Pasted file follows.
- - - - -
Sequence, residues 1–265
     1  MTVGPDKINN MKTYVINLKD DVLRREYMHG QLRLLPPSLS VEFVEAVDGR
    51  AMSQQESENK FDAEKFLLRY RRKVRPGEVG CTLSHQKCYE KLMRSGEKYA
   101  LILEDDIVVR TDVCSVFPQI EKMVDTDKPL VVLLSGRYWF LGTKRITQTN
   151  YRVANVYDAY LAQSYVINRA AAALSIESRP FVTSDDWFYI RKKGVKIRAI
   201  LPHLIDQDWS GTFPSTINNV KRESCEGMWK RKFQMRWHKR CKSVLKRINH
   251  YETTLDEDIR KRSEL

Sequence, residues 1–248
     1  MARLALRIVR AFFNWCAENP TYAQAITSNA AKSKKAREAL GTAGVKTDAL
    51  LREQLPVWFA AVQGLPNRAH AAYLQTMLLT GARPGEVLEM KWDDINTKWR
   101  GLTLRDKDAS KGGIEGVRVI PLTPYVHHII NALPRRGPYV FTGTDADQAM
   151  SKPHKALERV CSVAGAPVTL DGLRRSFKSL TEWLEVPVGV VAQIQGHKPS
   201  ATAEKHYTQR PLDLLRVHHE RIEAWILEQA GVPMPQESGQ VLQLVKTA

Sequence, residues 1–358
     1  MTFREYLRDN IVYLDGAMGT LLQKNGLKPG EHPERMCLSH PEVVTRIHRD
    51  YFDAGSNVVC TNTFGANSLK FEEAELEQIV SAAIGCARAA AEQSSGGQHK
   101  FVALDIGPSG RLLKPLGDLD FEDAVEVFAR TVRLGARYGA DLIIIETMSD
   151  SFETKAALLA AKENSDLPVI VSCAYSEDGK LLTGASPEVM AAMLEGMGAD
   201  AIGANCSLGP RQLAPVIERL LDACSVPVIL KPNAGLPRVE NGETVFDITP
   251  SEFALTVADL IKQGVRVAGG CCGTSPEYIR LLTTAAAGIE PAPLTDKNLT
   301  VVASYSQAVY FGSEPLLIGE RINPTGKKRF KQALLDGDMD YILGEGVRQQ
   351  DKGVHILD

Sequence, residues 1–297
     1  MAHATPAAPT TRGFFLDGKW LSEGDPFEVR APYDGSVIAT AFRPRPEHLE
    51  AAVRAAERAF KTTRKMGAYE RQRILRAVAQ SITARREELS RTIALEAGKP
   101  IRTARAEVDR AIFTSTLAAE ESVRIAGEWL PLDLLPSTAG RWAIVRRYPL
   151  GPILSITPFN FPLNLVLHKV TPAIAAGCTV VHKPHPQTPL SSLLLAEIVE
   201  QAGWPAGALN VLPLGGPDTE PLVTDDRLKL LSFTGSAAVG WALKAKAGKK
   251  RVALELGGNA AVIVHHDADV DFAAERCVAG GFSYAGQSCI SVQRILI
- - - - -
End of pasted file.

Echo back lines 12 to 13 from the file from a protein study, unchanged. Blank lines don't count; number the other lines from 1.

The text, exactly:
   151  SKPHKALERV CSVAGAPVTL DGLRRSFKSL TEWLEVPVGV VAQIQGHKPS
   201  ATAEKHYTQR PLDLLRVHHE RIEAWILEQA GVPMPQESGQ VLQLVKTA